U.S. Coast Guard Cadets Redesign Hoist Basket
Coast Guard Academy mechanical engineering cadets have been prototyping a new and improved rescue basket, which could revolutionize the way the Coast Guard conducts search-and-rescue missions onboard the MH-60 Jayhawk helicopters.
First Class Cadets Christian Breviario, Riely Brande, Benjamin Crutchfield, Nolan Richerson and Spencer Smith spent the last year working closely with the U.S. Coast Guard Research and Development Center to improve upon the current rescue basket design, after receiving input from search-and-rescue operators in the fleet.
“In 2009, the Research and Development Center conducted an internal Coast Guard study,” said M.J. Lewandowski, a research project manager for the RDC. “The study noted that the Coast Guard’s ability to respond to mass rescue incidents was, and still is, somewhat limited in the methods available to remove large numbers of people from a hazardous marine situation quickly and safely.”
The RDC and Academy leadership approached Breviario and his capstone group at the beginning of their senior year to see if an improvement could be made to the current design, which would increase the Coast Guard’s effectiveness during mass rescue incidents.
“We have added a means of entry that is easier for people who may be injured or have limited mobility,” said Breviario. “We have also maximized the space dimensions of the basket, given the dimensions of the MH-60 Jayhawk cabin. With these modifications we have made the basket more accessible, decreased the amount of time needed per hoisting evolution, and improved upon the effectiveness of the Coast Guard during mass rescue incidents.”
The new design, which is roomy enough for two individuals to comfortably sit in the basket, allows Coast Guard operators to shave off precious time during mass rescue situations. During mass rescue scenarios where 18 or more victims require helicopter assistance, the cadets have determined that the new basket could cut the time required to get everyone hoisted by half.
“The team was tasked with improving the Coast Guard’s response in a search-and-rescue scenario,” said Dr. Ron Adrezin, a mechanical engineering professor and project advisor. “The RDC needed the project to meet very specific criteria and the cadets were able to produce a well-designed project that met all of these needs.”
Cutting down on the time required for Coast Guard rescue operations by adding a means of entry and increasing the dimensions were not the only alterations the cadets made to the rescue basket. They also reconfigured the flotation system of the basket, which increased the buoyancy of the basket by 79 pounds of force. This upgrade will also allow for increased comfort of victims within the basket, as they will be surrounded by buoyant material on all sides.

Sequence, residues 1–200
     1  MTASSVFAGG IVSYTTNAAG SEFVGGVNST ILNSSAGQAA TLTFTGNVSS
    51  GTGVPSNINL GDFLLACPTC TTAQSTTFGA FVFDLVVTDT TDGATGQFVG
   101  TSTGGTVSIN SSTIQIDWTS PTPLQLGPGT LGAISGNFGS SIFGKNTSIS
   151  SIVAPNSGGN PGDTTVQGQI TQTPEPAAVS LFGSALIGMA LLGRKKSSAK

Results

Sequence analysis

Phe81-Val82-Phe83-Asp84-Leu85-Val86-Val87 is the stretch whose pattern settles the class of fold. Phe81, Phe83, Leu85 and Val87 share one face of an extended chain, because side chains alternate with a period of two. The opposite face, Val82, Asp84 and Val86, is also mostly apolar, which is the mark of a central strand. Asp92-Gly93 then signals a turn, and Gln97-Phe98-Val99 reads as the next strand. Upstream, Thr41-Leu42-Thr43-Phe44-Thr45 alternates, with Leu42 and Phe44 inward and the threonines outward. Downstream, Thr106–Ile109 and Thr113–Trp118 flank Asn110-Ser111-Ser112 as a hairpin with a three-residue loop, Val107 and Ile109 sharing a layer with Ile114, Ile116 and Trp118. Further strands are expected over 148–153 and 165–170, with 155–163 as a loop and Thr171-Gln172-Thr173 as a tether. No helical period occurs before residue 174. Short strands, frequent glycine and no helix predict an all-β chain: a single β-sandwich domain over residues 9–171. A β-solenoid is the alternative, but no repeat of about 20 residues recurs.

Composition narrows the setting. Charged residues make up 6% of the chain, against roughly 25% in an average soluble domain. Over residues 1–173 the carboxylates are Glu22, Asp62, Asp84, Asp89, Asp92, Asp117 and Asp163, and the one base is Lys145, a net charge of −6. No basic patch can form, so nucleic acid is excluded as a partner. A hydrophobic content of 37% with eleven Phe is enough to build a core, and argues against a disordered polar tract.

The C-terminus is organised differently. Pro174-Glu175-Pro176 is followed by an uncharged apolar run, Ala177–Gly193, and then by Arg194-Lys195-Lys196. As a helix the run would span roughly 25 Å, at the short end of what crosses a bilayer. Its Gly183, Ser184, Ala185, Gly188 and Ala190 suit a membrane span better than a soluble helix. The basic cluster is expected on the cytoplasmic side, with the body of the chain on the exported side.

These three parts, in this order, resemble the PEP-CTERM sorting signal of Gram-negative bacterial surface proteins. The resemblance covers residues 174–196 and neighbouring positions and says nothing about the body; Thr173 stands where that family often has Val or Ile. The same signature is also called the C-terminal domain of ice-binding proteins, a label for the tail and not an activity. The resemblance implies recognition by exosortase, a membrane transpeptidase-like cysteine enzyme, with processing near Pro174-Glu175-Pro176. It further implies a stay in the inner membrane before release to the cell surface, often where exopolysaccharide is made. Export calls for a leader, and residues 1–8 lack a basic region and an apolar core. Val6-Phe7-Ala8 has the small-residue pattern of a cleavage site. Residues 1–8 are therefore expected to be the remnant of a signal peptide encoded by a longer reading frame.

Breviario and the rest of his capstone group will graduate this May with degrees in mechanical engineering, and will enter the fleet as Coast Guard ensigns. Their project has garnered interest from the Office of Aeronautical Engineering and the Aviation Logistics Center, who will consider whether to take the project further into a refinement and testing phase.
“Their project absolutely showcases what they’ve learned during their four years as engineering students, as well as pushed them to go beyond what we taught them and learn new topics and techniques on their own,” said Cmdr. Matthew Walker, a Coast Guard Academy mechanical engineering instructor and U.S. Coast Guard pilot. “I am intrigued by the team’s approach to this project and to see where it goes from here.”
Breviario hopes to see the design implemented into the fleet as the new standard rescue basket used in Coast Guard operations. The capstone group is currently pursuing a patent for their design and waiting on the RDC to decide if they are interested in further testing.
“We feel extremely proud of what we have accomplished this semester, and along the way, we have gained a lot of traction from our sponsor and aviation operators in the fleet,” said Breviario. “We would love to see our project make it to the fleet in the future, but even more so we feel that we have taken the next steps in providing a solution to a problem the Coast Guard faces on numerous occasions each year.”
Source: U.S. Coast Guard Compass